Let us now consider the aftermath.

 

(i) Upon receipt of the foregoing strange letter of Oct. 15–17, Barlow at once writes Shepherd (despite the puerile cautionary postscripts), telling him that the magazines received were not those ordered, and asking him to send the 1923–4–5 file of Weird Tales at once, as promised.

(j) Shepherd (having apparently cancelled his “middle western” hunting trip and forgotten all about it) replies on a postcard (from Oakman) “. . . magazines sent at once please advise when you receive them. Am glad you were so pleased with others I sent.” This obviously constitutes an admission that the desired W. T. file was not in the shipment of Oct. 15 despite the pseudo-invoice—and it also refers to an alleged statement of Barlow’s (that he was “pleased” by the “other” magazines sent) which was never made. BUT NO MAGAZINES (despite statement above) ACCOMPANIED OR FOLLOWED THIS CARD.

(k) Barlow—in Washington again—replies to the foregoing card as follows: “Dear Sir: You don’t understand. I have never gotten the Weird Tales you promised to trade me for the Amazing Stories I sent you. You sent me some things I already had and did not need or want instead. Please send me the 1923, 1924, and 1925 Weird Tales at once. Yours sincerely, R. H. Barlow.”

 

Note this actual text in view of irrelevant reply.

 

(l) Replying to the foregoing on a postal postmarked Nov. 8 (from Oakman—the trip with Mr. Wells being still postponed!), Shepherd presents the ensuing illiterate and irrelevant scrawl which Barlow believes to be a deliberate bit of insulting jeering aimed at a neatly gypped victim:

“Sir—Am very glad that you are so satisfied with my mags. as to comment on them two times, it will be glad to let you have all the books and mags. you said you wanted in your letter. but the Argosys. but if you make a good enough offer I might trade. please let me Know what you Will Give at once. Respectfully W. S.”

[The crude cunning implied in this card contrasts oddly with the utter naiveté of Shepherd as elsewhere displayed.]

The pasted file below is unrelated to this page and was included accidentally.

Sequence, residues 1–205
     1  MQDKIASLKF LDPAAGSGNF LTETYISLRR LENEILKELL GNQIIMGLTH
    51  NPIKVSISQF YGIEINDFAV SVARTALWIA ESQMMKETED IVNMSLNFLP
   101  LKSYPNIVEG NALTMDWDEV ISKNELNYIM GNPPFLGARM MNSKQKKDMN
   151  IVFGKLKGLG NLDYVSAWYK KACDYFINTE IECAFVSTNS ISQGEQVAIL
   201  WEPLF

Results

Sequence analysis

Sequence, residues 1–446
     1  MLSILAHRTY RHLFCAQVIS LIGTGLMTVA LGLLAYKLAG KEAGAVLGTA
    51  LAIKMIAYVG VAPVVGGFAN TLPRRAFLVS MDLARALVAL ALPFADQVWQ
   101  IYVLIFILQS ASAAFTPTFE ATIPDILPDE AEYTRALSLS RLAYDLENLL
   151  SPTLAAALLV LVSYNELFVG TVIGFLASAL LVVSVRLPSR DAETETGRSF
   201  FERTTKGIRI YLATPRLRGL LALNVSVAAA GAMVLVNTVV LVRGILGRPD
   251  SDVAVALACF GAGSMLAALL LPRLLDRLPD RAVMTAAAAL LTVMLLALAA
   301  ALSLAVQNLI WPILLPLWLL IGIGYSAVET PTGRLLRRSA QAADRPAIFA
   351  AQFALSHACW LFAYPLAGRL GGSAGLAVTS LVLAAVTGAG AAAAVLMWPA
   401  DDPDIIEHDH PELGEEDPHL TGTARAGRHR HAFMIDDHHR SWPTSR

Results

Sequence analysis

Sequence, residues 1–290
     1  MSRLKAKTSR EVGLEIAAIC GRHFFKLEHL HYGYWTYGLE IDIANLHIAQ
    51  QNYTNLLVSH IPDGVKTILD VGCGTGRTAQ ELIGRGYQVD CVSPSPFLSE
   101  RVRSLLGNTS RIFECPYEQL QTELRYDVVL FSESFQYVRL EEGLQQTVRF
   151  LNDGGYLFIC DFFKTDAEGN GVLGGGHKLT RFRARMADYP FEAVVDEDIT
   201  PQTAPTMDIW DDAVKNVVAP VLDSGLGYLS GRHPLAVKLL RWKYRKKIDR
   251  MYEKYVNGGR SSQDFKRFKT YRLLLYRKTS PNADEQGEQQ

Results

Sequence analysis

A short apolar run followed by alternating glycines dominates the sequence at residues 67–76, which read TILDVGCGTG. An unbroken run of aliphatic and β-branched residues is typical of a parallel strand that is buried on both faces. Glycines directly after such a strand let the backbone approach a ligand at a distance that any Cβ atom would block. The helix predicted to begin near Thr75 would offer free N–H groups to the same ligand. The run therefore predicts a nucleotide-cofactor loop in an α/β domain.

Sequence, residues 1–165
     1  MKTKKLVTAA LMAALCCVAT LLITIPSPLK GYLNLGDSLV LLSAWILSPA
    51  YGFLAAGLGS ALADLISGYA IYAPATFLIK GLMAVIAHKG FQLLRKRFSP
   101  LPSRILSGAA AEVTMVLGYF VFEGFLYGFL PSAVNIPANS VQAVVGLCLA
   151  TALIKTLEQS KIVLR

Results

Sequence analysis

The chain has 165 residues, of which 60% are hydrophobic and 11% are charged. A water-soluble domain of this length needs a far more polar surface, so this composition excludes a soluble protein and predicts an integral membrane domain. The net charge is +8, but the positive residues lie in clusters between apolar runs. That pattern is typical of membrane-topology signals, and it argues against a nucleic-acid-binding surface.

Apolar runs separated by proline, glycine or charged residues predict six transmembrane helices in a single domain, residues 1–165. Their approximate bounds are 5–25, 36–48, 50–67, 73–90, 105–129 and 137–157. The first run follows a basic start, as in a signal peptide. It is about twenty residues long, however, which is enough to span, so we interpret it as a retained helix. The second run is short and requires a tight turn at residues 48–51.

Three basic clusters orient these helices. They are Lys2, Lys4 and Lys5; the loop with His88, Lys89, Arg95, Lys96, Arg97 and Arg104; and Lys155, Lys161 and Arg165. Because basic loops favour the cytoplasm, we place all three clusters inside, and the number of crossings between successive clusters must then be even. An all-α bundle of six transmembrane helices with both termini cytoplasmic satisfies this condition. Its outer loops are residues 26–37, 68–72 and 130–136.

(m) Barlow replies to the foregoing irrelevant and possibly insolent card as follows:

“Dear Sir—Your postal card received. I have not yet received the years 1923, 1924, and 1925 of Weird Tales (in good condition) which you said you had sent. Please send them at once as agreed upon. Yours sincerely, R. H. Barlow. P.S. If you don’t straighten out this matter at once I shall turn your letters over to the Postal Authorities and let them do as they see fit. R. B.”

(n) Shepherd replies to the foregoing at length—with an illiterate pretended résumé of the correspondence betwixt him and Barlow; in which he tries to tell Barlow that the latter wrote things he didn’t write, and also misrepresents his own past correspondence—with incredible naiveté, as if Barlow had no letters—or no memory—to consult! He begins by telling Barlow that the latter in his first letter asked for an option on the W. T. file (which he did) and also on some Argosy issues (which he did not)—offering in return an Amazing file “in frankly very poor condition”. Continuing, he says that he agreed to reserve the desired magazines for Barlow if the latter would sign a definite option; and that he offered to throw in some other items to compensate Barlow for committing himself to this option. Further, he denies that he asked Barlow to send the Amazing file when the latter did—despite documentary evidence to the contrary—and claims that when he told Barlow (in the strange letter of Oct. 15–17) he was sending “the magazines asked for”, he meant the thrown-in items . . . for which he thought Barlow had asked. Evidently he does not know (or thinks he can successfully deny!) what he wrote in the strange letter; for he claims that he reported the Amazing set “in fair condition”, whereas he really complained [falsely] to Barlow that they were in “very BAD condition”. He ignores his own silly postscripts to that letter, and says he expressed a desire to do some more trading. [How more, when the original trade was not complete?] Shepherd then invents a purely fictitious reply which he says Barlow sent—instead of the complaint (of un-ordered magazines recd., and non-receipt of ordered file of W. T.) which Barlow really did send. He claims that in this reply Barlow reported everything received in “wonderful” condition, and that Barlow did not expect W. T. file to be included. He claims that, in the same letter, Barlow asked him to continue holding the W. T. file until he could arrange for it [. . . as if B. had not already sent the Amazings forming his side of the trade! If the magazines sent by S. were only to clinch an option, then what did he think B. sent the Amazings for?]. He ignores completely the pseudo-invoice—also his own reply to Barlow’s first com-plaint—in which he said “magazines sent at once—advise me when you receive them.”

The utter simplicity of S. in fancying he could make B. believe the transaction was otherwise than it had been, really presents a psychological problem—unless there was an element of pure conscious bluff.

(o) At this point Barlow drops the matter in disgust. Shepherd has B.’s file of Amazing, worth about $31.00, and Barlow has a file of duplicate junk not worth over $4.00—with no W. T. file in sight. B. does not believe that S. ever had a W. T. file—suspicion in this direction being augmented by S.’s description of probably non-existent magazines of 1915 et seq.

 

HERE RESTS THE CASE

 

* He first gives the name of a Pennsylvania man in typewriting, and speaks of the high price as offered by him. Then he crosses out this name and substitutes that of the Chicagoan in pencil—letting what is said about the offer stand.

** Viewed maturely, and in light of the full transaction, the evidence seems to point to the latter conclusion.